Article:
The F# library provides a variety of functions (based on the printf functions found in OCaml) that produce formatted text.
|printf ||outputs formatted text to the console using the stdout stream.|
|printfn ||outputs formatted text suffixed with a new-line character to the console using the stdout stream.|
|eprintf ||outputs formatted text to the console using the stderr stream.|
|eprintfn ||outputs formatted text suffixed with a new-line character to the console using the stderr stream.|
|sprintf ||returns formatted text as a string.|
|bprintf ||appends formatted text to a System.Text.StringBuilder.|
|fprintf ||writes formatted text to a System.IO.TextWriter.|
|fprintfn ||writes formatted text suffixed with a new-line character to a System.IO.TextWriter.|
|twprintf ||writes formatted text to a System.IO.TextWriter.|
|twprintfn ||writes formatted text suffixed with a new-line character to a System.IO.TextWriter.|
The functions above are especially powerful because the F# compiler will type-check the format arguments and give design-time errors.
While this set of functions covers most of the cases where formatted text is needed, there is one glaring omission: debug output. If we want to pass formatted text to System.Diagnostics.Debug.Write, we have to do it using sprintf like so:
System.Diagnostics.Debug.Write(sprintf "The answer = %d" 42)
Obviously, that's not ideal. What we would really like is a function that behaves exactly like the other printf functions but writes debug output. Fortunately, extensibility has been built into the F# library, making it possible to create additional formatting functions that benefit from the same sweet type-checking. So, how do we go about doing that? The trick is to wrap our functions around a special F# library function, ksprintf.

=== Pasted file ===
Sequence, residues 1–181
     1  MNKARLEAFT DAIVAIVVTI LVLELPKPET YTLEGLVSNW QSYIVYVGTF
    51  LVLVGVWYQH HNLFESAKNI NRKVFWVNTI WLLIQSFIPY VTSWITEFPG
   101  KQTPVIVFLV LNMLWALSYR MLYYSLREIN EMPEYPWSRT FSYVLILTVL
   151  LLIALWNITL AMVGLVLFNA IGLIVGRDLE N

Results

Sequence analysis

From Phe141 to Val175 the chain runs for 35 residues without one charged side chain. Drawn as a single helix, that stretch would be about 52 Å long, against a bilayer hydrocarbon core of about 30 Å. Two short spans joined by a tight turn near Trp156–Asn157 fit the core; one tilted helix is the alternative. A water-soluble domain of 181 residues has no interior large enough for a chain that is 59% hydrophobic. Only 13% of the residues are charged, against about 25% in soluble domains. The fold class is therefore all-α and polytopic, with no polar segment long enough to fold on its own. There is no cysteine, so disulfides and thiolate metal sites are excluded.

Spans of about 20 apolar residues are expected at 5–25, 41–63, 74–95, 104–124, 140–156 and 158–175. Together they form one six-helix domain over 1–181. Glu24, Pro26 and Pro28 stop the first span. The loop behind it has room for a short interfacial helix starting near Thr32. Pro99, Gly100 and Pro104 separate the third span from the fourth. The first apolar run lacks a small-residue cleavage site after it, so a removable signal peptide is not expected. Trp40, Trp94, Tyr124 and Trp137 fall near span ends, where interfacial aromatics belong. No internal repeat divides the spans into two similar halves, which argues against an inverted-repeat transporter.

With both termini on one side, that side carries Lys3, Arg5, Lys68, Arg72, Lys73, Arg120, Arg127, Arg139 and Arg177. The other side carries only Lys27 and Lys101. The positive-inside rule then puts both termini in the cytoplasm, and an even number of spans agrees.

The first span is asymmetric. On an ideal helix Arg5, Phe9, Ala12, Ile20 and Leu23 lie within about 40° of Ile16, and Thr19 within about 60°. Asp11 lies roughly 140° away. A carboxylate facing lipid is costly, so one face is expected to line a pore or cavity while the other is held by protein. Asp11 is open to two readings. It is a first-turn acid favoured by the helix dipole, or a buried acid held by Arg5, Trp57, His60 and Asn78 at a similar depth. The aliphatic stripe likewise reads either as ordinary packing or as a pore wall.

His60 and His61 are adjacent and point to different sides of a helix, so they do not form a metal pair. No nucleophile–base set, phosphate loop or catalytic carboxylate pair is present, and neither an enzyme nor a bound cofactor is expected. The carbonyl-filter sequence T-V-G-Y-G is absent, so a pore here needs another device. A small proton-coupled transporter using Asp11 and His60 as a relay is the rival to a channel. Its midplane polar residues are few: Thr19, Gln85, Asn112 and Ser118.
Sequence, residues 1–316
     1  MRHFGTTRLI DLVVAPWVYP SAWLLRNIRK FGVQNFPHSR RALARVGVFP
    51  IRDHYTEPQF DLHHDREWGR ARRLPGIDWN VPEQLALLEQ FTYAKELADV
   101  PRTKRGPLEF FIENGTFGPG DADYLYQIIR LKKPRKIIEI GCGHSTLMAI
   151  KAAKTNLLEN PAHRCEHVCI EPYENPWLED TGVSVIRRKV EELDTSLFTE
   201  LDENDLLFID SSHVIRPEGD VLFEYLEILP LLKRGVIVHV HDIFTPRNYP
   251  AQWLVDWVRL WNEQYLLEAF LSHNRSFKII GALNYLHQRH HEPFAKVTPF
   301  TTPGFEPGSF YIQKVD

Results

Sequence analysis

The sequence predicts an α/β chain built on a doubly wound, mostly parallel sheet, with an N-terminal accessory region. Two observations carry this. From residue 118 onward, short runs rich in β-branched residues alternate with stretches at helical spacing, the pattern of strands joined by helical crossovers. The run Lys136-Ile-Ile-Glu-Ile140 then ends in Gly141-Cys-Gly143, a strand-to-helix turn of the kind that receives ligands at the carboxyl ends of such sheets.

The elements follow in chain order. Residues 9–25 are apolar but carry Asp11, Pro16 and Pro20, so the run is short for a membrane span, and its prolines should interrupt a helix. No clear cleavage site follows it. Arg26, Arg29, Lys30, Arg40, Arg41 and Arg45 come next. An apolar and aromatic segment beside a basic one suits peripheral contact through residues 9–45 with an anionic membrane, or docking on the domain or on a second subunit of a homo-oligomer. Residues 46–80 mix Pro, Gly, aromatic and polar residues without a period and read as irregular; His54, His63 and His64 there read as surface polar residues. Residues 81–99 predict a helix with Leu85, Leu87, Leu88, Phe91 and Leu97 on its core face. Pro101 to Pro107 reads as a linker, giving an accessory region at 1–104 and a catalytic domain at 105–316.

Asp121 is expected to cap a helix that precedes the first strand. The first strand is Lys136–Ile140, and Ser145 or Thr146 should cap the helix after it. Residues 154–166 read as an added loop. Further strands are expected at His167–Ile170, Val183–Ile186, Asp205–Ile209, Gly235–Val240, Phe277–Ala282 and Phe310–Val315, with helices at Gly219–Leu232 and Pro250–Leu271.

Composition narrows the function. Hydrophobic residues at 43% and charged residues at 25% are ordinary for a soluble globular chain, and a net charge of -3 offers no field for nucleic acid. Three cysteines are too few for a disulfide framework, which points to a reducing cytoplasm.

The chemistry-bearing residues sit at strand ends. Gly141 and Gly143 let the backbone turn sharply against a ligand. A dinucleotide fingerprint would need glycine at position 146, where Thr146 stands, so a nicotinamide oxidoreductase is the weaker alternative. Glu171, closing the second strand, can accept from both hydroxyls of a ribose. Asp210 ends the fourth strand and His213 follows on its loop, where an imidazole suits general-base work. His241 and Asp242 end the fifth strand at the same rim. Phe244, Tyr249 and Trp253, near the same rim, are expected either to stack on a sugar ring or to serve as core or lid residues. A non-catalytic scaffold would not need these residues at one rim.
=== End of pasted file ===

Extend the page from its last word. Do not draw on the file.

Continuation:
ksprintf is similar to sprintf in that it formats text as a string. However, instead of returning that string to the caller, it passes the string into a continuation.
I haven't covered the broad topic of continuations yet because a) they can be pretty eye-crossing when presented plainly, and b) there are already fantastic treatments out there. The basic idea is to pass a lambda1 (the so-called continuation) into a computation that will be executed when the computation is finished. Really. That's it. This is a simple idea, but it can become complicated quickly. However, in the case of ksprintf it remains simple. We'll pass a lambda that calls Debug.Write with the final string after it has been formatted.
module Debug =
let writef fmt = Printf.ksprintf (fun s -> Debug.Write(s)) fmt
let writefn fmt = Printf.ksprintf (fun s -> Debug.WriteLine(s)) fmt
In fact, the wrapper lambdas are redundant because Debug.Write and Debug.WriteLine have overloads that match the expected signature. We can simply pass the functions themselves and remove the wrappers:
module Debug =
let writef fmt = Printf.ksprintf Debug.Write fmt
let writefn fmt = Printf.ksprintf Debug.WriteLine fmt
Just drop that code into an F# project, and you'll be writing debug output in a beautiful, concise F# style.
Debug.writef "The answer = %d" 42
You'll even get helpful design-time type errors:
Now it's just a matter of convincing the F# team to add it to the libraries.
1Did It With .NET readers probably already know that "lambda" = "anonymous function".